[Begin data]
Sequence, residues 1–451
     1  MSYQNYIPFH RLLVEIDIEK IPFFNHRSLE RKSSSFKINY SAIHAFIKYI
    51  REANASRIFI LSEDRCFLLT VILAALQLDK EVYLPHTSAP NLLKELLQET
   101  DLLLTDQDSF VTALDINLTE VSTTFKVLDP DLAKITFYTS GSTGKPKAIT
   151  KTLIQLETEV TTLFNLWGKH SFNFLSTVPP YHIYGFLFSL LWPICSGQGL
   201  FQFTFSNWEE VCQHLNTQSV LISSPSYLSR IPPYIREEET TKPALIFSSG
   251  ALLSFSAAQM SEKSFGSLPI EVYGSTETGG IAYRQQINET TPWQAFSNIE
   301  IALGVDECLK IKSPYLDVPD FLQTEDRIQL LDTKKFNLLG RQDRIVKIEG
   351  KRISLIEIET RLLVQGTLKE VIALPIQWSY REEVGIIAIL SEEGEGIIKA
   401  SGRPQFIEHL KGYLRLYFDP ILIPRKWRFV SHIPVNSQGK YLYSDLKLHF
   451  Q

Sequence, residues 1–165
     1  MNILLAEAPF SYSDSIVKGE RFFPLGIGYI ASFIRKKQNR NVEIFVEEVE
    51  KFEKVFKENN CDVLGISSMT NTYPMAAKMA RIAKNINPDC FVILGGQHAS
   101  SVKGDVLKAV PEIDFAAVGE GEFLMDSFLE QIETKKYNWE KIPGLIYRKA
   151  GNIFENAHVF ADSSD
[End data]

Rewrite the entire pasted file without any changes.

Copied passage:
Sequence, residues 1–451
     1  MSYQNYIPFH RLLVEIDIEK IPFFNHRSLE RKSSSFKINY SAIHAFIKYI
    51  REANASRIFI LSEDRCFLLT VILAALQLDK EVYLPHTSAP NLLKELLQET
   101  DLLLTDQDSF VTALDINLTE VSTTFKVLDP DLAKITFYTS GSTGKPKAIT
   151  KTLIQLETEV TTLFNLWGKH SFNFLSTVPP YHIYGFLFSL LWPICSGQGL
   201  FQFTFSNWEE VCQHLNTQSV LISSPSYLSR IPPYIREEET TKPALIFSSG
   251  ALLSFSAAQM SEKSFGSLPI EVYGSTETGG IAYRQQINET TPWQAFSNIE
   301  IALGVDECLK IKSPYLDVPD FLQTEDRIQL LDTKKFNLLG RQDRIVKIEG
   351  KRISLIEIET RLLVQGTLKE VIALPIQWSY REEVGIIAIL SEEGEGIIKA
   401  SGRPQFIEHL KGYLRLYFDP ILIPRKWRFV SHIPVNSQGK YLYSDLKLHF
   451  Q

Sequence, residues 1–165
     1  MNILLAEAPF SYSDSIVKGE RFFPLGIGYI ASFIRKKQNR NVEIFVEEVE
    51  KFEKVFKENN CDVLGISSMT NTYPMAAKMA RIAKNINPDC FVILGGQHAS
   101  SVKGDVLKAV PEIDFAAVGE GEFLMDSFLE QIETKKYNWE KIPGLIYRKA
   151  GNIFENAHVF ADSSD